Trump Administration to allow lawsuits for property seized by Cuba

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Trump Administration to allow lawsuits for property seized by CubaCORAL GABLES, FLORIDA – APRIL 17: National Security Advisor John R. Bolton speaks during the Bay of Pigs Veterans Association luncheon at the Biltmore Hotel on April 17, 2019 in Coral Gables, Florida. Joe Raedle/Getty Images/AFP

The United States is reversing course on Cuba, announcing a series of measures escalating tensions with Havana. National Security Adviser John Bolton outlined policy changes in the most dramatic tightening of the U.S. embargo on Cuba in decades.

CGTN’s Nitza Soledad Perez filed this report from Miami.

Bolton outlined how a law from 1996, suspended by previous presidents, would be enforced. The law allows Americans who’ve had property confiscated by the Cuban government to sue.

“Americans who have had their private and hard-earned property stolen in Cuba will finally be allowed to sue,” Bolton said. “Anyone who traffics in property stolen from Americans will not be issued a visa to the United States. They are not welcome here.” 

This could unleash a sea of lawsuits against global companies, from Spanish corporations running hotels to Chinese and Turkish firms operating in Cuban ports. Alberto Navarro, the European Union ambassador to Cuba, reacted to the news.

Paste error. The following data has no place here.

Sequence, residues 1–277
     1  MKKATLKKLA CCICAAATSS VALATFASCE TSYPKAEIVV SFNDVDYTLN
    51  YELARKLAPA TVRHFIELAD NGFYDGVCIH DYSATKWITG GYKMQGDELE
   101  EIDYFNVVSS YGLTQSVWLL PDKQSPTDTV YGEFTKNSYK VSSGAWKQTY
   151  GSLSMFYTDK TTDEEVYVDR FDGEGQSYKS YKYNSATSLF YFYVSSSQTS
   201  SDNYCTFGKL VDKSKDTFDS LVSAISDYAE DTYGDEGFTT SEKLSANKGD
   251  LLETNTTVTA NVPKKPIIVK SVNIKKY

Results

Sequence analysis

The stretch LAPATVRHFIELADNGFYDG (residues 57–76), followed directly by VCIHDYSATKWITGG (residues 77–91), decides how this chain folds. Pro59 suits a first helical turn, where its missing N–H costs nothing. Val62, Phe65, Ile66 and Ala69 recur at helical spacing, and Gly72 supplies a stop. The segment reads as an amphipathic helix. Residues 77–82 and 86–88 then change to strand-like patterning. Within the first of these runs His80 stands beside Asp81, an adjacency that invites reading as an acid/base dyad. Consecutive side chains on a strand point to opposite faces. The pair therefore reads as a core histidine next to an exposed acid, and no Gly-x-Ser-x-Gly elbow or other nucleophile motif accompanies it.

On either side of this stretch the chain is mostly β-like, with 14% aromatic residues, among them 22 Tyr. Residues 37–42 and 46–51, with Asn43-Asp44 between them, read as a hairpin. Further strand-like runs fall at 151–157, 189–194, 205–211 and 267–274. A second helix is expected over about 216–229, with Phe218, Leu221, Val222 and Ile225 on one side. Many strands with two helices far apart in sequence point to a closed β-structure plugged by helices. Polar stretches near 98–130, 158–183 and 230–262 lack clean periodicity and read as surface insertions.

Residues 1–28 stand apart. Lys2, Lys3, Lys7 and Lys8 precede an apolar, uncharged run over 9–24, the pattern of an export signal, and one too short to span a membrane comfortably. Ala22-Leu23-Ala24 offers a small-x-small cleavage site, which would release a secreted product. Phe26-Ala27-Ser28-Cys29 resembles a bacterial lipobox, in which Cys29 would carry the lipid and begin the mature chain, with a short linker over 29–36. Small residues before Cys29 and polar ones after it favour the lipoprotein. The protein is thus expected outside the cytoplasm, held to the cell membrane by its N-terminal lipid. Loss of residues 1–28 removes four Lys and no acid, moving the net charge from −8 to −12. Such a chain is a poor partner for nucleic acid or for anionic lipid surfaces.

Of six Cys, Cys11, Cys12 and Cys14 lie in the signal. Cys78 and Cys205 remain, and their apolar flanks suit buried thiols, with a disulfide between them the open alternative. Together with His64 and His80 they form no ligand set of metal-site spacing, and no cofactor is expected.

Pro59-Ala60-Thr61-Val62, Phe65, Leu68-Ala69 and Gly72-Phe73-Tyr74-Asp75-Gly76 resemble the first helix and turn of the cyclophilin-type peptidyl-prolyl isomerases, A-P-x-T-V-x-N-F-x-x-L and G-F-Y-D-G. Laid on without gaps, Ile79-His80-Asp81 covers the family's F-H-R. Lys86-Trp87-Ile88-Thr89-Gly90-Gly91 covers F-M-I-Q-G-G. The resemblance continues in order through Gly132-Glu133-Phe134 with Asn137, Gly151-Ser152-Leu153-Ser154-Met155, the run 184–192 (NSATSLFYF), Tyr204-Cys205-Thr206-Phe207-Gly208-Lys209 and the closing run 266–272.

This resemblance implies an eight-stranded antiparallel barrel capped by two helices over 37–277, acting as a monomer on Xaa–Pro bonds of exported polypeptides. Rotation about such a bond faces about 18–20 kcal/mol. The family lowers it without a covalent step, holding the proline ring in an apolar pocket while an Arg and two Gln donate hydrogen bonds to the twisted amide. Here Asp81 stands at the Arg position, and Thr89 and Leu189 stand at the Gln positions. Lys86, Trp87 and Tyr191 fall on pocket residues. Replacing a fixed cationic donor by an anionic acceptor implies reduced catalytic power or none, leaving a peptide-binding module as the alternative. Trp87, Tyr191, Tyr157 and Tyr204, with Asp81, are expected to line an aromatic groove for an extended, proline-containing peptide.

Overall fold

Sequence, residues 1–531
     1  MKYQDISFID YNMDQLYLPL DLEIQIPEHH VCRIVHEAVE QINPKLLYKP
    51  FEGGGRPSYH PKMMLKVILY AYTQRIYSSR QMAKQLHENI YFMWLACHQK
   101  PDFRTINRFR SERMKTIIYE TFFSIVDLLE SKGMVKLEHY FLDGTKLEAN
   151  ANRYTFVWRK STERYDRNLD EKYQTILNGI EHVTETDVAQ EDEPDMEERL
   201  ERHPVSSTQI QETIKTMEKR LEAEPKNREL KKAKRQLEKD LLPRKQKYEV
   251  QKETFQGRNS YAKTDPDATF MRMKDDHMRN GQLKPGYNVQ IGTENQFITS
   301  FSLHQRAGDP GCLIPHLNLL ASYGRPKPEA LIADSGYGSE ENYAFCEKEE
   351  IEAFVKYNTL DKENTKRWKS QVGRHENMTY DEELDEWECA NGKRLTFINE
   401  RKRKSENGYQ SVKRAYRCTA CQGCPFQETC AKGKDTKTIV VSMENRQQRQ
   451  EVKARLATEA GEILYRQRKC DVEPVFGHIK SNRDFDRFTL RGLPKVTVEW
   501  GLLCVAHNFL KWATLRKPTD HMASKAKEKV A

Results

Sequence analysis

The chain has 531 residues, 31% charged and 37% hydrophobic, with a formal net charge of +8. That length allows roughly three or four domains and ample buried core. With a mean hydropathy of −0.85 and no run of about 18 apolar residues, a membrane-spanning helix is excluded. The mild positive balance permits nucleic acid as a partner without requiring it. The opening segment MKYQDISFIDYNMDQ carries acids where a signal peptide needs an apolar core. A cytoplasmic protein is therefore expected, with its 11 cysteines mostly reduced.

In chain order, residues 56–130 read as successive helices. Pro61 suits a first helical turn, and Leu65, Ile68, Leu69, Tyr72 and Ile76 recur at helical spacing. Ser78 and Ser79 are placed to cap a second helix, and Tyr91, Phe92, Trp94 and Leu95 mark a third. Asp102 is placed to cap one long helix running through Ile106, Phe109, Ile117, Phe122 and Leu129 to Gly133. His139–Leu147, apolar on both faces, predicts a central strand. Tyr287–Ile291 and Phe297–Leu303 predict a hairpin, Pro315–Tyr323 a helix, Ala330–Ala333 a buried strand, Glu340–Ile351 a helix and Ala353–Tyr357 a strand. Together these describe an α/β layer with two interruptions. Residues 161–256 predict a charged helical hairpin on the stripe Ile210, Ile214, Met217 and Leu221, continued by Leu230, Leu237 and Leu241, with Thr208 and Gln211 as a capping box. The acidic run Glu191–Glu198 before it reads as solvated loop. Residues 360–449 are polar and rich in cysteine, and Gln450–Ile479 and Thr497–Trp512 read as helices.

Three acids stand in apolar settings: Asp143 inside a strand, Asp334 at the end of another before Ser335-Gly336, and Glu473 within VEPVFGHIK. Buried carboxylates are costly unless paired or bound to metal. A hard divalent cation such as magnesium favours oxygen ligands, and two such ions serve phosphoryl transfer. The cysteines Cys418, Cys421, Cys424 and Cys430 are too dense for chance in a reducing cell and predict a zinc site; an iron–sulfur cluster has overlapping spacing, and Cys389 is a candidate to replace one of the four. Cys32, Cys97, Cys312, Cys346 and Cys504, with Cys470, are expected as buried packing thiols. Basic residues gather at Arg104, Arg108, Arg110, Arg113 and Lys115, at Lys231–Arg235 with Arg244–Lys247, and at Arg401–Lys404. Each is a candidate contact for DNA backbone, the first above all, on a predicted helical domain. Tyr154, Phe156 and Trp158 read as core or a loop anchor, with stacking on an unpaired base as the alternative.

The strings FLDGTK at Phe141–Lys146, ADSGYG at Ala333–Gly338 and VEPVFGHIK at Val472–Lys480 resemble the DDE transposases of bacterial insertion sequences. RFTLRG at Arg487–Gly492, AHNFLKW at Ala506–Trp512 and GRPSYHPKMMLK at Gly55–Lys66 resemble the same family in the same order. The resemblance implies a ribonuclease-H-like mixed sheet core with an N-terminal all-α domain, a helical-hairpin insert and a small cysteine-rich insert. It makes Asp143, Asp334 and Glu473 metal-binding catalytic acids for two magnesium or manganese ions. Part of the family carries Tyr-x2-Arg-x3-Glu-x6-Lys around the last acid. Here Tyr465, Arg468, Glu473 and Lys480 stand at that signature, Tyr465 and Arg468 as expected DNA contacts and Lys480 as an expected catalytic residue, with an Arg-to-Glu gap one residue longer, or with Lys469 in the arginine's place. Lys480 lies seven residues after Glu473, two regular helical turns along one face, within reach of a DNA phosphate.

“The extraterritorial application of the U.S. embargo is illegal. It is contrary to international law. I also personally consider it immoral,” Navarro said. “In these 70 years, the only thing that the embargo has contributed is suffering for the Cuban people. It has not contributed in any way to the opening of Cuba, or to steps toward democracy or human rights.”

The EU and Canada both pledged to defend their corporations from lawsuits. Further, travel restrictions eased during the Obama administration, have tightened back up.

“We are also announcing that the Department of the Treasury will implement further regulatory changes to restrict non-family travel to Cuba, or in other words, ‘veiled tourism.’ These new measures will help steer American dollars away from the Cuban regime, or its military and security services, who control the tourism industry in Cuba, ” said Bolton during his speech in Miami. 

There would also be new limitations for the Cubans who rely on remittances from family members in the United States: $1,000 per person, per quarter. 

It’s not surprising that Miami was the location for Bolton’s announcement, before a friendly anti-Castro group including many Cuban exiles. They are an important constituency for President Trump, in the country’s largest swing state, as he eyes a second-term election win in 2020.

Bolton also unveiled new economic sanctions against Venezuela and Nicaragua, other nations he said make up a “Troika of Tyranny” along with Cuba.

For the Trump administration, this tightening is a campaign promise fulfilled. For the Cuban government and its people, it could be a devastating blow to an already stagnant economy, struggling to attract foreign investment.